Mikołaj Bołtuć

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Brigadier-General Mikołaj Bołtuć

Mikołaj Bołtuć (born 21 December 1893 in Petersburg, killed in battle 22 September 1939 near Łomianki) was a brigadier-general of the Polish Army, commander of the IV Polish infantry Division during World War II.

He was the son of Ignacy Bołtuć, Russian General of Polish descent, and Anna Bołtuciowa, née Łabuńska, of Rzeczyca[disambiguation needed].

History[edit]

Mikołaj Bołtuć was enlisted in the Russian Kadet officers school in Omsk at age seven.[citation needed]

During World War I Bołtuć served in the Tsarist Army. He fought with distinction in the Finnish Civil War in 1918. After the Bolshevik Revolution He served as captain in the White Russian army during the Russian Civil War until the evacuation of Odessa, where he commanded the last leaving vessel.

He returned to Poland and joined the Polish military. He commanded units near Kamieniec, Podolski and elsewhere. During the Soviet-Polish war of 1920 he commanded the unit Strzelcy Kaniowscy. Bołtuć, still as a captain, commanded the defense of Zamość. Then he took Wyszków, the location of the puppet government organized by the Bolsheviks.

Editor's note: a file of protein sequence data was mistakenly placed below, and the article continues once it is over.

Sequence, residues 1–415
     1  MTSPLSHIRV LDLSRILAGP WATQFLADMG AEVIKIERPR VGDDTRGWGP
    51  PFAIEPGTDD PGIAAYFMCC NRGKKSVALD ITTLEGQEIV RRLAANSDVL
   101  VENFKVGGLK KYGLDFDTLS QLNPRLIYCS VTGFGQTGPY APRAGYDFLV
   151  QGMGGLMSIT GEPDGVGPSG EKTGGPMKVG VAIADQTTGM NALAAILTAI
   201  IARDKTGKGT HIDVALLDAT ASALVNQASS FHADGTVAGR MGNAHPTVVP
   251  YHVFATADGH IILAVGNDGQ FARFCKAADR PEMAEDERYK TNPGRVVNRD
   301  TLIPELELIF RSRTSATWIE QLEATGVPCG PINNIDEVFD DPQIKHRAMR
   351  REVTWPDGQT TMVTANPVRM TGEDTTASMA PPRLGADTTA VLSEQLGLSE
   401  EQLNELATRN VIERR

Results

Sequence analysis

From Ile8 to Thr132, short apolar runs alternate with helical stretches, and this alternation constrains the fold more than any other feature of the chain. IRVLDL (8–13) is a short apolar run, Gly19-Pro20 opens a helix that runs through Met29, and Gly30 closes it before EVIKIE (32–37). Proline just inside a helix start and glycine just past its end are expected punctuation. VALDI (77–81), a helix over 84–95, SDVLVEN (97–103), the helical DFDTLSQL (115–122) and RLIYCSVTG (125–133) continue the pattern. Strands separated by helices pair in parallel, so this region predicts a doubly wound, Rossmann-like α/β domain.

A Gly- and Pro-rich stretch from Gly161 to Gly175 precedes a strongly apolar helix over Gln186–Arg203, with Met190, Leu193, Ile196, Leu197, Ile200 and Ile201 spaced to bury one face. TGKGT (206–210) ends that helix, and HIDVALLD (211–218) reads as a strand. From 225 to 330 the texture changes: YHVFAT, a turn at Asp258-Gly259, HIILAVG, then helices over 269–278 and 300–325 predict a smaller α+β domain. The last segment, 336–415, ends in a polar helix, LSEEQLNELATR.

In the interwar period he worked for the General Command, and later held command functions in Wilno and Toruń. His nomination to the rank of general was held back for several years, in part due to his anti-religious attitude and reservations about Poland's military spending patterns. He was known for clarity of judgment and leadership skills.

During World War II he commanded an Operation Group (a unit short of an army) within the Army Pomorze, the only Polish unit that, for two days, entered German territory (in East Prussia) during the September Campaign, withstanding attacks of much larger German forces. Due to the danger of being flanked Boltuc had to withdraw to Modlin. When the Modlin Fortress was able to accept only his officers but not his soldiers, he let his soldiers be demobilized, although most refused to leave. He also encouraged volunteers to go with him to try and sneak through the German siege of Warsaw. According to written family records, leaving home before World War II he said "This is not the war we are going to win and I am not the kind of a soldier who would surrender". In the morning of 22 September he was killed in battle of Łomianki from the sniper fire. He was leading the charge . Most of his soldiers are at the Łomianki cemetery near Warsaw. Gen. Boltuc's tomb, in a form of a field stone, is at the Powązki Military Cemetery in Warsaw.

Sources[edit]

Monograph: Generał Mikołaj Bołtuć Wizerunek Żołnierza author: Bohdan Królikowski Nakładem Stawarzyszenia Katolików Wojskowych ISBN 83-906281-1-2, Warszawa/Warsaw 1998.